Most of my employers have considered me to be a good person for this kind of task. I don't think I have any exceptional ability at refactoring or redesign. What I do have is the desire and the willingness to refactor and redesign. When I see something bad, and I know how to do it better, I must fix it. I don't worry much about whether I will break something or whether somebody will get mad at me for changing things; I just do it.
Most programmers don't have this attitude. There is a lot of complaining about how bad the code is, but little effort goes into fixing it. I'm going to do what I can to change that within our team. I don't want to be the guy who has to do all this myself, so I"m going to enlist others in my war on bad code.
My first step is to try to figure out why other programmers don't want to refactor, and do what I can to address those issues. Here are the reasons I understand:
- "I'm not smart enough to design things myself." I hear this reason a lot, and I don't get it. If you can design software, then go ahead and do it - it's your job. If you can't design software, please go find another job. If you want to bounce your ideas off other people, then do it - most programmers like talking about design, and it's a good way to spread knowledge around.
- "It's too much work." Redesigning a module or subsystem to allow the elegant integration of a new feature is often a lot more work than simply adding a few more lines of code here and there. The thing is, it is usually a lot less work than people think. There have been many cases where I've suggested a non-trivial change, the other person said "But that will take forever", and then I grabbed the keyboard and five or ten minutes later it was done. The more often you refactor, the better you get at it, and the better you get at estimating the amount of work.
- "I don't understand the current design well enough to know how to modify it." I have sympathy for this reason, especially in cases where the Ball of Mud no longer has any clear design. I am also glad to hear that somebody wants to understand things better before messing with them, instead of acting in ignorance. This is another case where communication among the team members is important. While some of the design can be found by analyzing the code, a lot of the reasons and conventions can only be learned by talking to the people who participated in the development.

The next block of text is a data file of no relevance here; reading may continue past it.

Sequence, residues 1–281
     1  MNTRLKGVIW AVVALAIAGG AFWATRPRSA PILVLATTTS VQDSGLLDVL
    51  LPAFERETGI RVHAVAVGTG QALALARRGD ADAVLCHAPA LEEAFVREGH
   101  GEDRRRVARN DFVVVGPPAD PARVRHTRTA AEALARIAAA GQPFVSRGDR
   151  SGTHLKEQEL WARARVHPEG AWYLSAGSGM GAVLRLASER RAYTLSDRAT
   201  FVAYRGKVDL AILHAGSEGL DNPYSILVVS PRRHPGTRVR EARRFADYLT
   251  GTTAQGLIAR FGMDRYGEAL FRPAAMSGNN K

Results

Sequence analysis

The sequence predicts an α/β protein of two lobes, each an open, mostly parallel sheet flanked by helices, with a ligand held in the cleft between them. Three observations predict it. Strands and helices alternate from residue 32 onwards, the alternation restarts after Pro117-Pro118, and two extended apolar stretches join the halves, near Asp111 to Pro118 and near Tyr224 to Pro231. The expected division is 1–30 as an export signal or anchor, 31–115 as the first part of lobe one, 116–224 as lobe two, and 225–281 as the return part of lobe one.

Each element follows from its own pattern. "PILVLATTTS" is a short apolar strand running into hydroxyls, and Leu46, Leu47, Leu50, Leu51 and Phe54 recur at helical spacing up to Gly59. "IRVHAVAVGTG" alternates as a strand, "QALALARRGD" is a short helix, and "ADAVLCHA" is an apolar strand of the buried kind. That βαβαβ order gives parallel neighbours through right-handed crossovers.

- "I might break something." The obvious answer is that there should be automated regression tests, but of course nobody has those for most real-world projects. So just be careful, and ask other people if they know of any problems your proposed change could bring.
The theme that rings throughout is that you have to talk to the other team members. We have a pretty social group, but unfortunately most have separate projects to work on and so we work separately. I'm going to try to get some pair programming going (although I'm going to have to call it "mentoring" or "cross training" to sneak it past management) and to encourage people to talk to each other before making major changes to code.
I Still Suck
While reading some older entries in my blog, I ran across "I Suck", a diatribe about an end-of-project death march.
What's funny is that I had to look at the date of the entry to figure out which project I was working on when I wrote it. I could have easily written this entry for any project.
Friday, February 11, 2005
Third-Class Medical Exam
Today I submitted myself to the medical exam needed for a student pilot certificate. I didn't look into the requirements before the exam, so I didn't know what to expect. I figured it would basically be an eye exam along with some simple evaluation of overall health. So I was a little surprised when I had to give a urine sample, and very surprised when it was time for the rectal exam.
My blood pressure was a concern. I've donated blood a couple of times in the past year, and both times my blood pressure was around 120 over 80, so I didn't think this would be anything to worry about. The reading today was a lot higher than that. It was low enough to pass the exam, and I can think of many reasons it could be higher today than normal (nerves, two cups of coffee with breakfast, a stressful week at work, the attractive nurse), but it was a reminder that I'm not a kid anymore and I need to start getting regular checkups.
There is one item in my medical history for which the doctor wants more documentation before submitting all the paperwork to Oklahoma City. He is willing to give me my ticket without it, but there is a small chance it might raise a red flag with the FAA. So I'm going to try to dig up this ancient history, but if I can't find it, he'll just submit what we've got and see what happens.
Thursday, February 10, 2005
Less Is Better